How to Virtualize

Virtualization can happen with a central server containing end user files, with end users having access through dummy devices or simple interfaces like iPads/iPhones and small workstations with keyboards and a mouse.  The centralized model has existed for years but traditionally lacked the horsepower from servers and the bandwidth limitations to be an effective solution.  Not so anymore.  Bandwidth is readily available, mobile devices have become widespread and interfaces have become smarter.  Combine that with much faster Servers as well as dedicated host computers and you can easily virtualize any small office on one central host computer.  This is the model that Virtual Workstation recommends…

The “how to” of virtualization consists of a company or organization answering three questions and sizing appropriately:

  1.  How many concurrent sessions or users will need to use virtualized workstation at any given time?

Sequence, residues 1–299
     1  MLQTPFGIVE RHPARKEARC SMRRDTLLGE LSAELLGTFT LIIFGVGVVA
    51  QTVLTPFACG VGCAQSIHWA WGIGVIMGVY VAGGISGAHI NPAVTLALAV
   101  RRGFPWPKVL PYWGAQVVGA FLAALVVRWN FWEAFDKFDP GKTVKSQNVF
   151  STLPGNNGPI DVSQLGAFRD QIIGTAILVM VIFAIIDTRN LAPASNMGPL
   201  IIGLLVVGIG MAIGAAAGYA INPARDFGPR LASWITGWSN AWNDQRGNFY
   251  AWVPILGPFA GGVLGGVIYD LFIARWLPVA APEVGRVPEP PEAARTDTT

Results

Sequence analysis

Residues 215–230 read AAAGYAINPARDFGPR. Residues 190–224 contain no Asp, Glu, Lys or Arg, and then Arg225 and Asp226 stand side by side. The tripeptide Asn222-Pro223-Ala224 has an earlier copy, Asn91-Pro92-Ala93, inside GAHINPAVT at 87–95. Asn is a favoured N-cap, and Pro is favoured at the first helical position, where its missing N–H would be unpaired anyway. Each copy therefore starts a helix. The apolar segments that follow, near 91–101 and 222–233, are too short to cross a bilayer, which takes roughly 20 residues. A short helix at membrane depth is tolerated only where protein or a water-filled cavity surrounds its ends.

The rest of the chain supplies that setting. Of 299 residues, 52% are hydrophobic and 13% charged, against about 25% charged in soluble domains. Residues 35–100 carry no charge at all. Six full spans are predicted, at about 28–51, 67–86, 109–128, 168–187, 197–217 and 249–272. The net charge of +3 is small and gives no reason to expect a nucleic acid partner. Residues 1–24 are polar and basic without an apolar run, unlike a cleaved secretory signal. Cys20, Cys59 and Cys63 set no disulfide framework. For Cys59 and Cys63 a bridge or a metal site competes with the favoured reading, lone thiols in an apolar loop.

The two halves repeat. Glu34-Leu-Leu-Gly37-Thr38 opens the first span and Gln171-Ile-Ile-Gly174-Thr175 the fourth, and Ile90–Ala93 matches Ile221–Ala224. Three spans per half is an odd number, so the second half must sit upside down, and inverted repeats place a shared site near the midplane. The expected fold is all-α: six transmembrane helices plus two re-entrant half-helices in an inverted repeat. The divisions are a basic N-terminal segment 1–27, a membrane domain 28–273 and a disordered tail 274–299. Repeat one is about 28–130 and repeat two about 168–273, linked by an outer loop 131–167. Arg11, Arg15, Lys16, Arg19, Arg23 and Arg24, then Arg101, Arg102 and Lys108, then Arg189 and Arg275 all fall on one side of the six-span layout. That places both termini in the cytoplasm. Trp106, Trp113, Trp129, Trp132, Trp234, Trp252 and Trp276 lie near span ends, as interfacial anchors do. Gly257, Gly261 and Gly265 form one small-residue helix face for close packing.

2. What is the largest available workstation or server (RAM memory and processer) that already exists that could perform the task of being dedicated and on 24/7?
  3. Do you want to have users access the files remotely when outside the building at a coffee shop or home from their own devices?

Sizing Up A Server
Sizing of a server becomes a simple task of adding concurrent users and multiplying by 1.5 Gig of ram.  For example if you have ten people you want to virtualize but only 6 will be on at any time, then it’s 6 x 1.5Gig Ram = 9 GIG ram required.  It’s always best to also have 2 GIG for the base OS, so in that example it would be best to have an 11 or 12 Gig RAM computer or Server to Virtualize your workstations.

Setting up remote is as simple as a Port forward change on your public address of your firewall.  This means you enter your firewall or DSL / Cable router configuration and tell it to forward the encrypted Virtualized Port you chose in setup to the IP of your internal computer that should have a static internal address like